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Client: Myself


Role: Interactive designer and developer

Primary goal: Use an established open source back-end for easy project updates

Tertiary goals: Improve search engine optimization, site analytics, and accessibility

The portfolio website

The portfolio website

Technology used: XHTML, CSS, MySQL, PHP, WordPress, Adobe Flash, Actionscript 3.0, sIFR, Javascript

Note, for the following description, I am assuming a different primary audience than other pages on my site. For this page, I will speak more to other web designers and use web jargon. If you get lost, just shoot me an email and I’ll see if I can answer the questions. OK. Let’s get started.

Step 1: Goals

The first step of any project is identifying goals. Without them, the project may head in side directions without a means of returning back on track. My goals were:

  • Showcase projects to potential clients
  • Redesign the site with a fresh but simple look
  • Use a back-end content management system to allow for easy updates
  • Improve search engine optimization (SEO)
  • Improve accessibility
  • Implement site analytics

Step 2: Audience

The second step was identifying who is my audience, especially who is primary. Knowing whom my audience is and what they want will also inform design decisions. I assumed my audience was:

  • Primary: Potential clients who want to get a taste of my work to see what I could do for them
  • Secondary: Other interactive designers who are interested in my work and in the how and why I made design decisions
  • Tertiary: anyone else, including friends, family, search engine spiders, etc whose wants are varied

Step 3: Inspiration

I always begin projects looking for a spark of imagination and creativity. I might find it walking outside or at a museum. I might find it online, looking at other websites. Whatever the case, I look. In this case, I looked at a lot of portfolio websites of fellow designers to see what I liked and what I didn’t like. Basically, I liked the more straightforward sites that gave you a taste of a project, maybe some behind the scenes tips, but then linked on to the actual project. Less is more.

Step 4: Site Architecture

With the spark of inspiration and goals, I then start thinking about how the users’ experience will unfold. Then, I lay out the flow of the site. Sometimes this will be a flow chart or wire frames. In this case, because I was the client, I simply made a text file with a hierarchy of pages.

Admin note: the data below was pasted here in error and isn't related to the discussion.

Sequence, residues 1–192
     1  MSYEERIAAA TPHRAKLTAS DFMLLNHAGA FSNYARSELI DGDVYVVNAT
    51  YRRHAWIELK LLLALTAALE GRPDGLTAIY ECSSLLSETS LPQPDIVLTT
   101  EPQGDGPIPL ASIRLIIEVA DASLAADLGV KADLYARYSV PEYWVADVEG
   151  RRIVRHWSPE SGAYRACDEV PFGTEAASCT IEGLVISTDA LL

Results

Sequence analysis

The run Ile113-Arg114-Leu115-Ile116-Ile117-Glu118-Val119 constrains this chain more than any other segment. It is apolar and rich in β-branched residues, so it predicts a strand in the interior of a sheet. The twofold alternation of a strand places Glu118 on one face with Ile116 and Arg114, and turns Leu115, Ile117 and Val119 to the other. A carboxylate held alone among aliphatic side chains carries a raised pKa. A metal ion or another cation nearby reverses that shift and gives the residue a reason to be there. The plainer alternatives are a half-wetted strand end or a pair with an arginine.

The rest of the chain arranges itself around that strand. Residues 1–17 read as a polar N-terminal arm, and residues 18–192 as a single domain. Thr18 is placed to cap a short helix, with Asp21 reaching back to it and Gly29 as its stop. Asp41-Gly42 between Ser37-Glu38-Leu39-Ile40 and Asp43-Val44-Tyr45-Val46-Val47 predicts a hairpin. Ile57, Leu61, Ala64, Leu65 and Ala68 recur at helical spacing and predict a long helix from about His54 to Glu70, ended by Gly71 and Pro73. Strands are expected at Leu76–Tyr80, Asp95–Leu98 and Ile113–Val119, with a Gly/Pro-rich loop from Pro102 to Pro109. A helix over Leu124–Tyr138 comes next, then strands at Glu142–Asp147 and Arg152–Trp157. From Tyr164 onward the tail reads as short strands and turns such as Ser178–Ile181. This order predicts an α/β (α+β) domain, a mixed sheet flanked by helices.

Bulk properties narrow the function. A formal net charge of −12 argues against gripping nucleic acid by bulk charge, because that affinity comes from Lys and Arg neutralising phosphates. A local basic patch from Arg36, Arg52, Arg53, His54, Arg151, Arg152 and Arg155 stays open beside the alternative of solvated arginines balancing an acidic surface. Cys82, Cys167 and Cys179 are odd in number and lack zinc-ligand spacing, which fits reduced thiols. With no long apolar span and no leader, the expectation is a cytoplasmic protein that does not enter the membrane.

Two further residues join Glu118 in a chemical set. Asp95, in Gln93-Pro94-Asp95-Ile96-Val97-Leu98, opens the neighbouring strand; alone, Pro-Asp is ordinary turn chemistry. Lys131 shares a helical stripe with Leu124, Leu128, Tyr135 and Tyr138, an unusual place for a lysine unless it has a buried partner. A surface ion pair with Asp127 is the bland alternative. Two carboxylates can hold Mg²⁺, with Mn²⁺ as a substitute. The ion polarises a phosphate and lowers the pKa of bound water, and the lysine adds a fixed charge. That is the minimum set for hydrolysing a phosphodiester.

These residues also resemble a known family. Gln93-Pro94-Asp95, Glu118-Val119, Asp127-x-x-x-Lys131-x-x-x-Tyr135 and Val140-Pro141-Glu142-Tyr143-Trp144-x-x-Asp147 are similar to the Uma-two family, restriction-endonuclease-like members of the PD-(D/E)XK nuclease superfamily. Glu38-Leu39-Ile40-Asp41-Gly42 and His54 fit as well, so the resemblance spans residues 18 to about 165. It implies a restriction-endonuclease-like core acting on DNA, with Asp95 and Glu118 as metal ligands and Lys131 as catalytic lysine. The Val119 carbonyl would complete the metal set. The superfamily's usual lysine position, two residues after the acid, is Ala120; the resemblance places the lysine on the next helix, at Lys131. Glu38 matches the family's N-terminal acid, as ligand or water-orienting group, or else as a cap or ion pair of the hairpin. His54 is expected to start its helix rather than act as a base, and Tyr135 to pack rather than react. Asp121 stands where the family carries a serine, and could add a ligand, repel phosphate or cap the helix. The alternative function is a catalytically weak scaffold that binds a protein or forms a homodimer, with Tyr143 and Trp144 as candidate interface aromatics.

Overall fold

Step 5: Sketches

After initial inspiration, I started with pen and paper to sketch out the ideas

After initial inspiration, I started with pen and paper to sketch out the ideas

Then I begin on paper. I get out as many ideas that are rattling around in my head as I can. In this stage, some of them work and some of them don’t. But it saves a lot of time and energy to get as many of the bad ones out now, on paper.

Step 6: Mockups

Then, I move to Photoshop with my favorite sketches. Ideas tend to morph as pixels are finally created. Designs tighten over the mockup development. I’ll normally show 3-5 mockups to a client for review and then make a final design after feedback. Since I was the client, I just picked my favorite.

A few notes:

  • Color: The previous portfolio design used a burnt orange color (my favorite color). However, I chose the color on my Mac (which has a gamma 1.8). Viewing the same site on Windows (gamma 2.2) resulted in an almost neon orange. This time I chose a color in-between that looks good on both Mac and Windows even though neither is my favorite burnt orange.
  • Design Grid: I used a 960-pixel design grid for the framework of the site. Most desktop web browsers are now at least 1024 pixels wide, so I could use more horizontal space than the previous template. Later, I’ll plan on making a mobile version on a smaller width.

Step 7: Choosing the right tools

I needed to make some choices of what to pull out of the interactive toolbox before I started with any code. Here were my thoughts:

  • HTML5 and CSS3: The ink is still wet on these tools and there are some pretty cutting edge parts within HTML5 and CSS3. As an interactive designer, I’m excited about these tools and have started playing with their possibilities. My personal site is a prime target on using the new tools, instead of on a client’s site. But, I decided against these tools due to my primary audience: potential clients. They want a to see a working site that does its job. Not a site that works in some browsers and not in others.
  • XHTML1 Strict: For the underlying semantic markup, I decided to use XHTML because it just makes more sense that if you open a <tag> then you need to close the </tag>. In the past I’ve used the transitional form of the language to allow for clients to change their own text, make a minor mistake, and still hopefully pass validation. But this is my site and I control the content. So, strict it is.  I can be good.